Today, I received in the mail a shiny booklet with a list of doctors who are preferred providers for our health insurance. Already, itʼs the second version Iʼve gotten this year. It was no surprise that none of our family physicians made the list. Oh, well.
But, you ask, now you have to change all of your doctors and have all of your records transferred to find someone on your list. You even have to find a new pharmacy because your insurance company wants you to get your prescriptions online. What a pain.
Fortunately, this is rarely true. Despite what my insurance company would like me to believe, I still have the right and the freedom to pick a doctor with whom Iʼm most comfortable. A preferred provider list is simply one that your health insurance company would “prefer” you to go to, not an absolute mandate. Most every time, there is fine print somewhere that will allow you to see an “out of network” doctor. In our case, all of our friends (who also happen to be our family physicians) are out of network. We stay with them because the small difference in coverage does not make up for the relationships and trust they have built up over the years. Plus, we are just hard headed enough to want to make our own health decisions.
One of the most common calls to our dental office has to do with the initial question, “Do you take my insurance?” In most every case, the answer is an absolute, “Yes!”
There are only three types of dental plans where you are forced to see a dentist on a list. Type one is Medicaid or CHIPs dental coverage. These are government programs where a dentist has to sign a contract with Uncle Sam to get reimbursement. To use your benefits, you have to go to a provider. Dental Maintenance Organizations (DMOs) are insurance plans where you have to see doctor from the insurance companies list. Similar to medical HMO plans, these DMO plans are becoming less common because patients want to make their own decisions and are choosing to pay for them less and less. Finally, there are a few “discount plans” out there that are not really insurance. Basically, you pay a third party for a list of doctors willing to discount their fees. The lists you receive are often incomplete and change on a frequent basis.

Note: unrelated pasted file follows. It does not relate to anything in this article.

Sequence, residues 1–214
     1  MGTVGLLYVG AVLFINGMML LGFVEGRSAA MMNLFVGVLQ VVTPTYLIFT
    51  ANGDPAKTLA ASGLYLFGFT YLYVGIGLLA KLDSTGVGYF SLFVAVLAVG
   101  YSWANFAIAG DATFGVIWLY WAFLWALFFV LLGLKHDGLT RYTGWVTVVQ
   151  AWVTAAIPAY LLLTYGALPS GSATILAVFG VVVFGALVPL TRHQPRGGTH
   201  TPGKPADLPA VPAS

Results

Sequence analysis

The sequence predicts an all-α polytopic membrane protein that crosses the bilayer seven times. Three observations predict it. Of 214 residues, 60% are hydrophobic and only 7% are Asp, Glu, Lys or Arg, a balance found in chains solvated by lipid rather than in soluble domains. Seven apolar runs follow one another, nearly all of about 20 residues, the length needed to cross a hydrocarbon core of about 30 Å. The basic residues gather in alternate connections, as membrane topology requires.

Other than the above three, any other insurance (commonly called PPO or “conventional” plans) can be filed by any dentist. Modern computer software allows us to calculate estimated copays and patient portions on the spot. With the correct information from your insurance company, we can accurately predict what they will pay for most any procedure. This allows us to discount what the insurance is estimated to pay from your treatment fees. After treatment, we can then send everything electronically so that there are no forms for patients to hassle with. Sometimes, technology really can make life easier.
A disclaimer here…I cannot speak for all dentists on this subject because there are a variety of ways to handle dental insurance. I can only describe how we handle dental insurance in a single office in Llano. I can say that our method is quite common.
Until next week, keep smiling.
-Please send questions to Drs. Parrish at www.ParrishDental.com.